If you’ve got into the habit of eating more fish over the summer you may well have been accompanying it with the local vino but just as with any other ingredient the perfect match depends on the type of fish and the way you cook it.
There’s a world of difference between delicate shellfish such as fresh crab on the one hand and a powerfully-flavoured Provencal-style fish soup or stew on the other. You can even drink red wine with fish whatever anyone tells you! Don’t believe me? Try a glass of chilled pinot noir next time you order seared tuna.
Here’s my simple 10 point guide to fish and wine pairing:
1. If you’ve got super-fresh shellfish that needs little if anything in the way of adornment, keep the wine simple too. A dry unoaked white such as a Picpoul de Pinet from the Languedoc, Muscadet from the Loire, Spanish Albarino or other crisp whites from coastal regions - will hit the spot perfectly.
2. If you’re cooking with butter or cream, Chardonnay is your friend. Simply grilled or pan-fried flat fish like plaice, brill and sole are fantastic with Chablis, especially premier cru Chablis. For richer sauces or a creamily sauced fish pie go for something a little richer like a Rully, Saint-Aubin or other subtly oaked chardonnay. Scallops and lobster love chardonnay too.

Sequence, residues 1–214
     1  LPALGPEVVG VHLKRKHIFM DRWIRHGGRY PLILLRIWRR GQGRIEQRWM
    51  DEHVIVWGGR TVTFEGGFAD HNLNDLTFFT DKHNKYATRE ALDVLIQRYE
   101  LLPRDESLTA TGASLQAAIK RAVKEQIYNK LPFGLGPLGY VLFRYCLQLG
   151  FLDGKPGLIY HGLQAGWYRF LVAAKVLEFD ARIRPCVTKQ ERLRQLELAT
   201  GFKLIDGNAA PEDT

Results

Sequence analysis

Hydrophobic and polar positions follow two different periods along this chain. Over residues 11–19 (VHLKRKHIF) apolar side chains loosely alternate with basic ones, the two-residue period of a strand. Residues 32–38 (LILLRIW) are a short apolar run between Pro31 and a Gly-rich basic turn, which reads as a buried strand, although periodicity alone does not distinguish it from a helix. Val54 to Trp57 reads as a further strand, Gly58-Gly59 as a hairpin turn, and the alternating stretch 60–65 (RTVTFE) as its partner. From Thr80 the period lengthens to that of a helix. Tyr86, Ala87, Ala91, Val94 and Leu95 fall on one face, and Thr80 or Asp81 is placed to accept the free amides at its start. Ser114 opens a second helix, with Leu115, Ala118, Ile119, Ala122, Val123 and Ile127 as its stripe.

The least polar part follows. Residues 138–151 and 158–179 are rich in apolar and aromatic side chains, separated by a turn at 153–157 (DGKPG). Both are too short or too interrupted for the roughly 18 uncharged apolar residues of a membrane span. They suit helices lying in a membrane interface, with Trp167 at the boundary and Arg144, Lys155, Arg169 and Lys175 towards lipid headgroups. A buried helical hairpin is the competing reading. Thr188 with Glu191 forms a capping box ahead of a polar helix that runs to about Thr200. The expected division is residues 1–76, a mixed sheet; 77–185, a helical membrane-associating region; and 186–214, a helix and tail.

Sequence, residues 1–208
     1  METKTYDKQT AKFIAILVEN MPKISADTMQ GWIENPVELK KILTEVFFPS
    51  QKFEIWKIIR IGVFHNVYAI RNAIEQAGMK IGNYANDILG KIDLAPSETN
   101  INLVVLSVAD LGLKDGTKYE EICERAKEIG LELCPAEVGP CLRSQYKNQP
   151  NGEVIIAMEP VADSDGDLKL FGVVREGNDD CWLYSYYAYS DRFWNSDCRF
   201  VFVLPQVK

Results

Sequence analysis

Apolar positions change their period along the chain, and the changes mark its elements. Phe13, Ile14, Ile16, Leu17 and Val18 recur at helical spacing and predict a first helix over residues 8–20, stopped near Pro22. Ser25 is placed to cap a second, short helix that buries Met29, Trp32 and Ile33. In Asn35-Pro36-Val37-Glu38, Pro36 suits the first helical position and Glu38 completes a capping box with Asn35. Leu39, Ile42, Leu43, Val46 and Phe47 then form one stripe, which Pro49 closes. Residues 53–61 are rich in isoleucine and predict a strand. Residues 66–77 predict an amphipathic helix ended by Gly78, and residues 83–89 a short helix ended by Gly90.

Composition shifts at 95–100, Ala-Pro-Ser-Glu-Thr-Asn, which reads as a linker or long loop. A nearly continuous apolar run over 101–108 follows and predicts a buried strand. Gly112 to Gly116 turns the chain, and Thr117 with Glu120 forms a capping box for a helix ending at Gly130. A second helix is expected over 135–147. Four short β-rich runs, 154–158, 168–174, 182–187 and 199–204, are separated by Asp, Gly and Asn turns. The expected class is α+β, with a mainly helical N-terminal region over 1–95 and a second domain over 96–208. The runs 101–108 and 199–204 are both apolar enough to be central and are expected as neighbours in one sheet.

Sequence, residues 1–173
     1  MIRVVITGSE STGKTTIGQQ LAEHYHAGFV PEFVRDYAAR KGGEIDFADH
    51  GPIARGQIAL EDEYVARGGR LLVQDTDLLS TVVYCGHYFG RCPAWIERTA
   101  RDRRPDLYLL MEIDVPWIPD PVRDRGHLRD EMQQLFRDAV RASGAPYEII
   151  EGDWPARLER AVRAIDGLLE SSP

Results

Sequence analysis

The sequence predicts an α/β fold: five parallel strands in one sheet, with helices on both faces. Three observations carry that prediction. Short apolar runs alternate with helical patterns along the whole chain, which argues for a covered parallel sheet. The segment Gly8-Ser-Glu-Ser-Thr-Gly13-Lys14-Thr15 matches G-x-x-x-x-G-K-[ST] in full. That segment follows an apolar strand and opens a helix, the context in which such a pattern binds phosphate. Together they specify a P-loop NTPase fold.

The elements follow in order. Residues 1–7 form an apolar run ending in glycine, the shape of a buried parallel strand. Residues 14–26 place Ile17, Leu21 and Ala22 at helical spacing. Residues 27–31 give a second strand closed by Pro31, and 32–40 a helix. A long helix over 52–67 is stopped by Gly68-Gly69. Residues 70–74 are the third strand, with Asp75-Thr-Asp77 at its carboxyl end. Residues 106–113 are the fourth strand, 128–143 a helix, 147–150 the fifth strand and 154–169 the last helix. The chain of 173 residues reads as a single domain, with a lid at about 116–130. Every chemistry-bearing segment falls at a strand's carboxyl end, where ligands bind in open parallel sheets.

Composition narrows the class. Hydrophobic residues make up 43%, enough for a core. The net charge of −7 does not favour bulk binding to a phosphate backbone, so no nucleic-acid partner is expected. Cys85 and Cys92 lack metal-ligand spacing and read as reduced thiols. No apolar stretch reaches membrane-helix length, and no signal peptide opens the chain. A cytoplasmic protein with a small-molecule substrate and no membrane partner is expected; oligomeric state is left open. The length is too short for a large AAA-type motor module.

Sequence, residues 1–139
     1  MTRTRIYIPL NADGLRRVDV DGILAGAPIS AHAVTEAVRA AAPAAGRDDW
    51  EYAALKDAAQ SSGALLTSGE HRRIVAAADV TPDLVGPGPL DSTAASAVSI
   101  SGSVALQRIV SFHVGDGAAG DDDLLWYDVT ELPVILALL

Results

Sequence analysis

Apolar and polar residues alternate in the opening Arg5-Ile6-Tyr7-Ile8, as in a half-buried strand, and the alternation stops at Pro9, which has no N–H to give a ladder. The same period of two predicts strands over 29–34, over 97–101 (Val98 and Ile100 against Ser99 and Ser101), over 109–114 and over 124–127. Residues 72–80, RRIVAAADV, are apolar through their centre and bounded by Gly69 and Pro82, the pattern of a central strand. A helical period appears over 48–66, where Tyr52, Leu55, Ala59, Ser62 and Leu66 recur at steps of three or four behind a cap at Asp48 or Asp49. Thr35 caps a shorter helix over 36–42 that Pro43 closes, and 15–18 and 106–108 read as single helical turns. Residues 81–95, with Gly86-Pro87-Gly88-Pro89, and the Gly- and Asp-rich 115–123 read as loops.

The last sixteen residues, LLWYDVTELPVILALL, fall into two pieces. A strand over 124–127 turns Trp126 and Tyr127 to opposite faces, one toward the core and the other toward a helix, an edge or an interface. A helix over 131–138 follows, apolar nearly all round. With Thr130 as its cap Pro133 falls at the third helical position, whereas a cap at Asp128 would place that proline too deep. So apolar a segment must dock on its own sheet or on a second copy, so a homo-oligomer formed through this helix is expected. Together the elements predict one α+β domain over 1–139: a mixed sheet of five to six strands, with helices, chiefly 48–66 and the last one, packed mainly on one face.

3. Fish dishes with olive oil on the other hand such as seafood salads or grilled seabass with sauce vièrge are better with sharper, zestier whites like a Sauvignon Blanc or a Sardinian Vermentino. Crisp, pale, dry rosés such as those from Provence also work well.
4. Anything fried tastes great with bubbles so next time you order a takeaway fish and chips crack open a bottle of Champagne - or Cava, depending on the occasion. (Maybe goujons for champagne and cava for the chippy ….)
5. If you’re searing or barbecuing fish, especially meaty fish like salmon, swordfish or tuna you’ll find it can take a light red. As well as pinot think Beaujolais or other Gamays, Cabernet Franc from the Loire (such as Saumur-Champigny and Chinon) and Spain’s new up-and-coming red, Mencia from Bierzo. Don’t be afraid to chill them slightly - 20-30 minutes in the fridge should do it.
6. In general oily fish such as mackerel and sardines work best with crisp whites but if they’re barbecued even they can take a red. The sardine-loving Portuguese often drink sparkling red Vinho Verde!